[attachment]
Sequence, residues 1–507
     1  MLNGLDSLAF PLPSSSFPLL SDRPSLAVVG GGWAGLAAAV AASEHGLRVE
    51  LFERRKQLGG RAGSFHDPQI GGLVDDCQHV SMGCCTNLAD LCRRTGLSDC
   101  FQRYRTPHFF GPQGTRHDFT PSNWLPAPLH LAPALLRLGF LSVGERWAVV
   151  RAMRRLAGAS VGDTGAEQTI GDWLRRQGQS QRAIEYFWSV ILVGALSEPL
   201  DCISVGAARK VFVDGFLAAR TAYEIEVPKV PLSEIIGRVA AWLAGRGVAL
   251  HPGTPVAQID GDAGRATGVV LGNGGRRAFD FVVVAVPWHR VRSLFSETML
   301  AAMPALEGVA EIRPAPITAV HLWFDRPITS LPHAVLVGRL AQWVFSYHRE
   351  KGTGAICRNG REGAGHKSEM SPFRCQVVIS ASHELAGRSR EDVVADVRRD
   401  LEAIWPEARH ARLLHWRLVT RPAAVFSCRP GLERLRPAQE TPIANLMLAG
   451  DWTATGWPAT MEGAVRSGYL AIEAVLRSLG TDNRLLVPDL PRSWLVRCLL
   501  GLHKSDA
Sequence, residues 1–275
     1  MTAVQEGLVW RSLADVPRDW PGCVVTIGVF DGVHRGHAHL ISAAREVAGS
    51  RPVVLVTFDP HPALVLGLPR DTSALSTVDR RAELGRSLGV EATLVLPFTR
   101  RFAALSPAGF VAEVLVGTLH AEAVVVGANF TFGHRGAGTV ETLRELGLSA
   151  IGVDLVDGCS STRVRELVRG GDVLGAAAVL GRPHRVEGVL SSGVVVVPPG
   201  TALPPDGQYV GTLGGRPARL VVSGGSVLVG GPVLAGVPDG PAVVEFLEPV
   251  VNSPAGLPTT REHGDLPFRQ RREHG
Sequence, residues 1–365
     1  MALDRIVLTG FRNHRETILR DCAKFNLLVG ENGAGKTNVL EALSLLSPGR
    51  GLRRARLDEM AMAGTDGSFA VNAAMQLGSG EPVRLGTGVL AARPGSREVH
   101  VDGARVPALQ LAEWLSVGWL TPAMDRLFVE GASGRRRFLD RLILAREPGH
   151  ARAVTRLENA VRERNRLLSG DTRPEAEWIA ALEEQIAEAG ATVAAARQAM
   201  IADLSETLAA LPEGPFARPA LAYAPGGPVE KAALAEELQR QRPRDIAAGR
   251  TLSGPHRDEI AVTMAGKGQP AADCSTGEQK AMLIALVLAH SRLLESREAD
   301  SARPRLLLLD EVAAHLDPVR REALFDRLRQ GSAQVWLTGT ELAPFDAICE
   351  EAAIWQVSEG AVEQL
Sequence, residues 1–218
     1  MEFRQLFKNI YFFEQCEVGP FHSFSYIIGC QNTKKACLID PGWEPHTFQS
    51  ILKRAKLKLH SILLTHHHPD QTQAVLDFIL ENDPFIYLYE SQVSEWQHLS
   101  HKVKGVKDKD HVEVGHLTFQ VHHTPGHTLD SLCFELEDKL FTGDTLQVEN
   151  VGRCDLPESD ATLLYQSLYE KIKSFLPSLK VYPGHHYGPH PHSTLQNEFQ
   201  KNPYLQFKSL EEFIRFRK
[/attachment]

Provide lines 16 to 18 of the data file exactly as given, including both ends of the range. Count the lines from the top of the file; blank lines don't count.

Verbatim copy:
   101  RFAALSPAGF VAEVLVGTLH AEAVVVGANF TFGHRGAGTV ETLRELGLSA
   151  IGVDLVDGCS STRVRELVRG GDVLGAAAVL GRPHRVEGVL SSGVVVVPPG
   201  TALPPDGQYV GTLGGRPARL VVSGGSVLVG GPVLAGVPDG PAVVEFLEPV